Firm whiffs on ‘Shark Tank;’ but basks in aftereffect

Brian J. O'Connor
Detroit News Finance Editor

Jess Sanchez-McClary spent Monday proving the wisdom of the saying, “There’s no such thing as bad publicity.”

The CEO of Detroit’s McClary Bros. pitched her drinking vinegars business on the season premiere of the ABC-TV reality show “Shark Tank” that aired Friday night. She was one of two entrepreneurs who went home empty-handed when the self-made billionaires on the panel declined to invest in McClary Bros.

Jess Sanchez-McClary wasn’t a winner on the TV show, ‘Shark Tank,’ but since her appearance, demand for her vinegar drinks, shown below, has surged.

But not so empty-handed after all, thanks to what’s known as “the Shark Tank effect.”

That’s the case where a business strikes out but then cashes in on the publicity that comes from exposure to 5 million viewers on national television. Not only do businesses that pitch on “Shark Tank” see a big uptick in sales, but the exposure also can attract distributors, suppliers and other potential investors.

“On Saturday, visits to our website were up 15,000 percent,” Sanchez-McClary said Monday. “We’ve had about 1,000 orders so far. We have done now, on the website, as much in sales as we did on the website the whole of last year.”

The biggest surge in orders for the vinegars, which are used as mixers in non-alcoholic drinking and craft cocktails, particularly an older form called a “shrub,” has been 20 or 30 orders after a national magazine piece or other publicity. Even though she expected an upswell of business after her “Shark Tank appearance,” McClary still spent much of Monday in meetings planning on how to handle the ongoing waves of orders, which continued to come over the weekend and all day.

“A lot of today was spent organizing how we set up to fulfill this many orders really quickly and get them out without errors,” Sanchez-McClary said. “We’ve never been inundated like this before.”

The interest wasn’t limited to online retail sales, either.

“We’ve had a lot of stores all over the country that want to carry it, and probably another half-a-dozen or so distributors have also reached out to us.”

TJ Hale, host of the online Shark Tank Podcast and author of “The Ultimate Guide to Getting On Shark Tank” says that for any business, it’s an accomplishment just to get on “Shark Tank,” considering that 50,000 entrepreneurs audition and that many episodes that get taped never air.

“Airing is the apex,” Hale says. “If you air, it’s all worth it. Good to her for getting on.”

As for the increase in business, “We call it ‘the Shark Tank tsunami on my show,” Hale says. “It’s big. It’s a lottery ticket. It’s the reason you do it, because it’s a big payoff. Everyone from investors to distributors to Nigerian scammers will call after someone goes on ‘Shark Tank.’ ”

On Friday’s episode, the sharks — regulars Mark Cuban, Lori Greiner, Robert Herjavec and Kevin O’Leary, as well as a guest, actor Ashton Kutcher — weren’t wowed by the niche market for drinking vinegars, even though Sanchez-McClary noted the company is profitable, with sales of $305,000 since 2012.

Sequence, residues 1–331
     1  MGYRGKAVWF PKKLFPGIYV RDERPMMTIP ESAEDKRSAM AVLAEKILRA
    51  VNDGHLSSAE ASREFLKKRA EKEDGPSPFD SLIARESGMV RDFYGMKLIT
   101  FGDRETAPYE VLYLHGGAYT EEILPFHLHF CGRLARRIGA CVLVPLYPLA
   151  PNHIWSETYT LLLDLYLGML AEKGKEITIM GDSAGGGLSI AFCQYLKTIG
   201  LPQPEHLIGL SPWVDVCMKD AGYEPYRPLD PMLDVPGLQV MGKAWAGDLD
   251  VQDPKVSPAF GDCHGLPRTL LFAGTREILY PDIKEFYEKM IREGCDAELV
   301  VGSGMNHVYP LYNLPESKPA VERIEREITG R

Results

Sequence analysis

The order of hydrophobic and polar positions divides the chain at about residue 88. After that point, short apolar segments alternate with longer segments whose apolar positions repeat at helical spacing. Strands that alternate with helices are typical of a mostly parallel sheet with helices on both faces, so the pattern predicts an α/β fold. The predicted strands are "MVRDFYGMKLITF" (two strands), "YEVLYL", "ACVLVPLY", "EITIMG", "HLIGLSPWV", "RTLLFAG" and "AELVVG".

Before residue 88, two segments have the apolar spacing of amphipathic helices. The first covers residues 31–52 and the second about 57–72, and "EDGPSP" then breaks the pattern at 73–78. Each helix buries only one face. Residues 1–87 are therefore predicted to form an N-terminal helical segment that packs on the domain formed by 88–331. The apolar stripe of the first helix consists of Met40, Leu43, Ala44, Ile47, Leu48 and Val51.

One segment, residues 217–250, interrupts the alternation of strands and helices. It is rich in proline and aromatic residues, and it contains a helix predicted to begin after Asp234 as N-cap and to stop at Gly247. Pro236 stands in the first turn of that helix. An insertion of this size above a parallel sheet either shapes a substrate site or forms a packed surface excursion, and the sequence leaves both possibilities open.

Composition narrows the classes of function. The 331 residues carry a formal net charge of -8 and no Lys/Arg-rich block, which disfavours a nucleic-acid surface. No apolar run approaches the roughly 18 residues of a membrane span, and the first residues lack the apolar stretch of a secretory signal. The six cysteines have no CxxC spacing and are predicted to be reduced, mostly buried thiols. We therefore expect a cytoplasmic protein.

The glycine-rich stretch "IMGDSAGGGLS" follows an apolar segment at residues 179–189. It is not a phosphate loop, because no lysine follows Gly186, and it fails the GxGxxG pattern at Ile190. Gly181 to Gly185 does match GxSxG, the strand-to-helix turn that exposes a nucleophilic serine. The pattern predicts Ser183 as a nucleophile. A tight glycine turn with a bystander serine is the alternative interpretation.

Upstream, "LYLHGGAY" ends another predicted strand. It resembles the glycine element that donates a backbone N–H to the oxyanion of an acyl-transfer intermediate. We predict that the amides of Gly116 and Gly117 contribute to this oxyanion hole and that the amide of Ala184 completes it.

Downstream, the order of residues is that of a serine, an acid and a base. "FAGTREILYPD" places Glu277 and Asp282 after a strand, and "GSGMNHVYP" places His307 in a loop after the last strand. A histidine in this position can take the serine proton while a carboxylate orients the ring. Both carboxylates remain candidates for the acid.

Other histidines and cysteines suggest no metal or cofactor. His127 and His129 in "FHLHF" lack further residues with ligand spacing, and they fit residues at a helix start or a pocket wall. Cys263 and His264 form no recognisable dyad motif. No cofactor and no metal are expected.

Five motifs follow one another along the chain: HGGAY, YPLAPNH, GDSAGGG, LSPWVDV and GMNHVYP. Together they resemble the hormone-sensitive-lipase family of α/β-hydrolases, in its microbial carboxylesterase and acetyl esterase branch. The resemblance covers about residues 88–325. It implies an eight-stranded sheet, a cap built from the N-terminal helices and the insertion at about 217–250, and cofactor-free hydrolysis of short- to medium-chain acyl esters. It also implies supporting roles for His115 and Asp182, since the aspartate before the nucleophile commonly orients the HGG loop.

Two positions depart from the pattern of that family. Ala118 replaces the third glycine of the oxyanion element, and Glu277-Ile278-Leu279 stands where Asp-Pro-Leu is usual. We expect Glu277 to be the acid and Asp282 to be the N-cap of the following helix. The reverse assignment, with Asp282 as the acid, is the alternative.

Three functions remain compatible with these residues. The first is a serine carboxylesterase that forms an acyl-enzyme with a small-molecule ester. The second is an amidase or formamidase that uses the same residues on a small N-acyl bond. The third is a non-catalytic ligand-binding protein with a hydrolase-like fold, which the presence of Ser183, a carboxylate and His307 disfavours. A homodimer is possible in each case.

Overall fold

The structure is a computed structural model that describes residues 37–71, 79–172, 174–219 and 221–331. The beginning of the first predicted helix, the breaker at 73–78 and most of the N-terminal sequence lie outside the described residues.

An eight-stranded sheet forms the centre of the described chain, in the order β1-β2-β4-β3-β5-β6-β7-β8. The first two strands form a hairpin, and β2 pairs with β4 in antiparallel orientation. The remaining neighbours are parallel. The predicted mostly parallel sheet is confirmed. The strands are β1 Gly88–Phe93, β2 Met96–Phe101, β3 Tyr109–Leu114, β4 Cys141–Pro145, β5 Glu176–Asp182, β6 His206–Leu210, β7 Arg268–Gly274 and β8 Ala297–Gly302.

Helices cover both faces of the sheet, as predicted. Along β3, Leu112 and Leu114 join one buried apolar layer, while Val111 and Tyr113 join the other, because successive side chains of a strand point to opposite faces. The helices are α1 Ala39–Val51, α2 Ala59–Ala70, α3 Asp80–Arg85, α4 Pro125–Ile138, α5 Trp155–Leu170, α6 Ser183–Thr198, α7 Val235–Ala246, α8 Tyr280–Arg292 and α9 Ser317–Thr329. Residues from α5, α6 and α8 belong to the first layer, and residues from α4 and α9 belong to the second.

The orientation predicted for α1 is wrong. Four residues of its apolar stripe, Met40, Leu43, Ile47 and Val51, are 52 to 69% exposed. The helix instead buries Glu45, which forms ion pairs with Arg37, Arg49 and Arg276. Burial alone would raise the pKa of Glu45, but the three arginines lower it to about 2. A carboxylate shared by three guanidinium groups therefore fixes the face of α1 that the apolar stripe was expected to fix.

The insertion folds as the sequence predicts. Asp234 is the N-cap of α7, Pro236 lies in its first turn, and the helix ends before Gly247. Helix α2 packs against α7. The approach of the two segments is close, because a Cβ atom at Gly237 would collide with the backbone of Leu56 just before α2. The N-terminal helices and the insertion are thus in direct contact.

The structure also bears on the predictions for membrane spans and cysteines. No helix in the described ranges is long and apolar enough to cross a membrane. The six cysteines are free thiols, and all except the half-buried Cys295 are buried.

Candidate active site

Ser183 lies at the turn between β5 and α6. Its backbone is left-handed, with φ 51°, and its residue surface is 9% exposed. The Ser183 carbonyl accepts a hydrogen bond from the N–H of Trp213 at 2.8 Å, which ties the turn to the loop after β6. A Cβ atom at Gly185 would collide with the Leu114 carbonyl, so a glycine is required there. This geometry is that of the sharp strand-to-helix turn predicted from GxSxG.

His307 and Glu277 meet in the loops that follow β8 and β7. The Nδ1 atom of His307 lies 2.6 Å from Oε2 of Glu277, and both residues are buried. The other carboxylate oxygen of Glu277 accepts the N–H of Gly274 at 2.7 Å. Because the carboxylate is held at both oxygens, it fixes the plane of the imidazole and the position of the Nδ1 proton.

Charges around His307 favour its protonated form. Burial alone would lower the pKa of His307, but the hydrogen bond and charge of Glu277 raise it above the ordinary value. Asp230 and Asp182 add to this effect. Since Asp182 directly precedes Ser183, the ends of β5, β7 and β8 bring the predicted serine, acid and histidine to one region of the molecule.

At one point, O’Leary — an often harsh critic who calls himself “Mr. Wonderful” — was less than wonderful to Sanchez-McClary, telling her, “Let’s be honest — it’s four guys and dog that drink this stuff. Why are you doing this to yourself?”

Kutcher intervened, telling him to back off. “She gave you an answer,” the actor told O’Leary, “and if the answer’s not suitable that’s fine, but you don’t have to belittle people.”

For her part, Sanchez-McClary felt she handled herself well on the show and the condensed version of her much-longer interview didn’t represent her pitch session with the sharks.

“I was concerned about will they edit it to make it look like I don’t know what I’m talking about,” she said. “And they didn’t. I think I came across as pretty knowledgeable talking about my product.”

McClary Bros. Drinking Vinegars are sold or served in more than 300 bars, restaurants and sold in stores in 17 states. Launched in 2012 and named after her twin sons, Jack and Ben, now five years old. The products are manufactured by Hopeful Harvest, a for-profit subsidiary of Forgotten Harvest, and made with made with organic, unpasteurized apple cider vinegar and fresh, seasonal fruits, vegetables and herbs.

Sanchez-McClary was invited on “Shark Tank” after attending a casting call at the Tech Town business incubator in April, then taped the show in June. Producers also taped an introductory feature that showed Sanchez-McClary and the namesakes of the business, something her boys enjoyed.

“They were very excited,” watching the episode she said. “They loved it and they got to see themselves on TV, which is even more exciting.”

(313) 222-2145

Twitter: @BrianOCTweet